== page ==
At the end of last year I wrote a piece examining the ways in which radical feminists/prostitution abolitionists are smeared as being ‘in league with religious fundamentalists’.
In it I wrote: “It’s almost as if it’s possible for two groups, with wildly opposing views, to have one small area of overlapping agreement, without either group suffering from any internal inconsistency!”
But let us, as a thought experiment, pretend the smearers are right, and that if your politics has one small area of overlap with another group’s politics, then you are in league with them, and think exactly the same way they do!
In that case, who are the sex industry advocates in league with?
France came close, last year, to adopting an abolitionist approach to prostitution (also described as the ‘Nordic’ or ‘Swedish’ model, where the john is criminalised, while the prostitute her or him self is decriminalised), but the law stalled in the senate.
This, then, places sex industry advocates in league with the male-dominated establishment in France, where Dominique Strauss Kahn’s ~alleged~ rape of Nafissatou Diallo is seen by many as “the master having his way with the servant.”
Christine Delphy, a feminist sociologist and writer, believes the Carlton trial shows attitudes are changing but, she says, “only marginally and very slowly”. “I still hear people claiming the Sofitel incident was a conspiracy or blaming it on American puritanism and defending what DSK did with the ‘private life’ argument,” said Delphy. “This is France, a country where many white politicians asked how it was possible that a black, immigrant chambermaid dared to make a complaint against a powerful man, where Nafissatou Diallo was treated as a liar and a gold-digger. A male commentator said what happened was simply a case of the master having his way with the servant.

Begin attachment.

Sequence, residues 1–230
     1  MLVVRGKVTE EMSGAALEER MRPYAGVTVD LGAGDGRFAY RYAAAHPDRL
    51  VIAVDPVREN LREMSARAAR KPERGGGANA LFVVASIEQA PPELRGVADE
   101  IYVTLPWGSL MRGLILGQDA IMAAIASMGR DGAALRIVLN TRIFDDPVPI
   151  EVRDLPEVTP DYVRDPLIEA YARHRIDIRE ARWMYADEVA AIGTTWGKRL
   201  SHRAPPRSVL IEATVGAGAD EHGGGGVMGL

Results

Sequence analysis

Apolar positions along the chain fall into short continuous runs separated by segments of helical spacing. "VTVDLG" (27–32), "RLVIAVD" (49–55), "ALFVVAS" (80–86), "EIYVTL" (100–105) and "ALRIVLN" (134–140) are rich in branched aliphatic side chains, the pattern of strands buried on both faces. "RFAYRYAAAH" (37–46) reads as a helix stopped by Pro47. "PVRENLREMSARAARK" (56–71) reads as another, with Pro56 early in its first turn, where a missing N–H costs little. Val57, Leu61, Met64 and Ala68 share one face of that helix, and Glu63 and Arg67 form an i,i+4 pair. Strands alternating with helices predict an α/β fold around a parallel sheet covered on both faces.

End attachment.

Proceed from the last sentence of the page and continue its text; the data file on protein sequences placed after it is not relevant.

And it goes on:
If, in the UK, in the future, the new Tory regime decides to decriminalise the sex industry, it won’t be because of a genuine concern about marginalised women, but because of a neoliberal ideology that sees all human beings as nothing more than economic units making rational economic choices, in a free market that can magically regulate itself; or because of old-fashioned patriarchal ideas about men ‘needing’ a sacrificial class of prostituted women, who aren’t good for anything else anyway, and that some women are just ‘born whores’.
The risk of being ‘in league’ with right wingers/religious fundamentalists/etc, is never a concern for sex industry advocates. So even if they did get their way under the Tories, that would never be seen as proof that they were in league with them (despite the neoliberal leanings of some sex industry advocates).
Funny how that works isn’t it?
QotD: “Something that frustrates me about some of the third wave rhetoric around rape is the refusal to accept that ‘victim’ is a perfectly apt, accurate word”
Something that frustrates me about some of the third wave rhetoric around rape is the refusal to accept that ‘victim’ is a perfectly apt, accurate word, and when stripped of patriarchal connotations (like victims LET things happen to them or even ASK for them—this is only for female victims of rape, of course), victim is the only word used for raped women that actually directs some attention to the VICTIMIZER.